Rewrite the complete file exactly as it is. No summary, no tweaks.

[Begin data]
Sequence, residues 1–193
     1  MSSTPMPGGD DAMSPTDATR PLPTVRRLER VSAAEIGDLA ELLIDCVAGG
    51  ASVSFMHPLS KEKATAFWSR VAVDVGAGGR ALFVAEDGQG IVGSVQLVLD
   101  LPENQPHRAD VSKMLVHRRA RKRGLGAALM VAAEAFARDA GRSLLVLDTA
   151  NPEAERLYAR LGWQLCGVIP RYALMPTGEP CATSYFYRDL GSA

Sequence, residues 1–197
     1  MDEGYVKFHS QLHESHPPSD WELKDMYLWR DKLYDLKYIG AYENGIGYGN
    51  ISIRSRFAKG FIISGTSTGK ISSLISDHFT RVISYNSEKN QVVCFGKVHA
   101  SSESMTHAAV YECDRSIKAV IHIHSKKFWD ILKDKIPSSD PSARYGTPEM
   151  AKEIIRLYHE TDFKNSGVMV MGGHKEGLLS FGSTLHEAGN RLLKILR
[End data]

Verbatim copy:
Sequence, residues 1–193
     1  MSSTPMPGGD DAMSPTDATR PLPTVRRLER VSAAEIGDLA ELLIDCVAGG
    51  ASVSFMHPLS KEKATAFWSR VAVDVGAGGR ALFVAEDGQG IVGSVQLVLD
   101  LPENQPHRAD VSKMLVHRRA RKRGLGAALM VAAEAFARDA GRSLLVLDTA
   151  NPEAERLYAR LGWQLCGVIP RYALMPTGEP CATSYFYRDL GSA

Sequence, residues 1–197
     1  MDEGYVKFHS QLHESHPPSD WELKDMYLWR DKLYDLKYIG AYENGIGYGN
    51  ISIRSRFAKG FIISGTSTGK ISSLISDHFT RVISYNSEKN QVVCFGKVHA
   101  SSESMTHAAV YECDRSIKAV IHIHSKKFWD ILKDKIPSSD PSARYGTPEM
   151  AKEIIRLYHE TDFKNSGVMV MGGHKEGLLS FGSTLHEAGN RLLKILR